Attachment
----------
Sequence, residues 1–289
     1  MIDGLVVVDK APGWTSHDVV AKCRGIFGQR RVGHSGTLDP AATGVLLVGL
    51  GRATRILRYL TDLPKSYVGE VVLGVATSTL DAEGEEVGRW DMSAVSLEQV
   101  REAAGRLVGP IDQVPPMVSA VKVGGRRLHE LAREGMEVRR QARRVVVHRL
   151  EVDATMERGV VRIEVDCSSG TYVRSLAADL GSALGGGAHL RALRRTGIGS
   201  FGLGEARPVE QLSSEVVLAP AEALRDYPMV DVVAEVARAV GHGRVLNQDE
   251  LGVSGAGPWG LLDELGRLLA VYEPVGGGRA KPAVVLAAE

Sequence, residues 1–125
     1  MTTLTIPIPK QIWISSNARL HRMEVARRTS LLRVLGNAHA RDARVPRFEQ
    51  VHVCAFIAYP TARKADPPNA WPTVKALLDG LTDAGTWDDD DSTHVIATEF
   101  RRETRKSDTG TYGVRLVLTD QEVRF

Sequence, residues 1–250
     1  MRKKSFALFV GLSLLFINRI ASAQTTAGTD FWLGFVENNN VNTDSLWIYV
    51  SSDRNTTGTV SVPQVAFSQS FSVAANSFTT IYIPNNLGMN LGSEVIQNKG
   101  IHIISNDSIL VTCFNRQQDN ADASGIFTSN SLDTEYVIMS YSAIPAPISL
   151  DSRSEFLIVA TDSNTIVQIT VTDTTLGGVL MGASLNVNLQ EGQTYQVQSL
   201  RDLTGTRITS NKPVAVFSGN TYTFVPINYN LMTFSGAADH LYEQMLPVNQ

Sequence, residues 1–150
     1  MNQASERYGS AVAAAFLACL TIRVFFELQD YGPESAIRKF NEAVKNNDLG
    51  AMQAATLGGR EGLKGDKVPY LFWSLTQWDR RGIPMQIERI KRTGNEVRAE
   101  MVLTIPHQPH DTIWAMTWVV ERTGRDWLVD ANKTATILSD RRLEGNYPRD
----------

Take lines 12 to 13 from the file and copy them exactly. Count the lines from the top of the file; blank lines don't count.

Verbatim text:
Sequence, residues 1–250
     1  MRKKSFALFV GLSLLFINRI ASAQTTAGTD FWLGFVENNN VNTDSLWIYV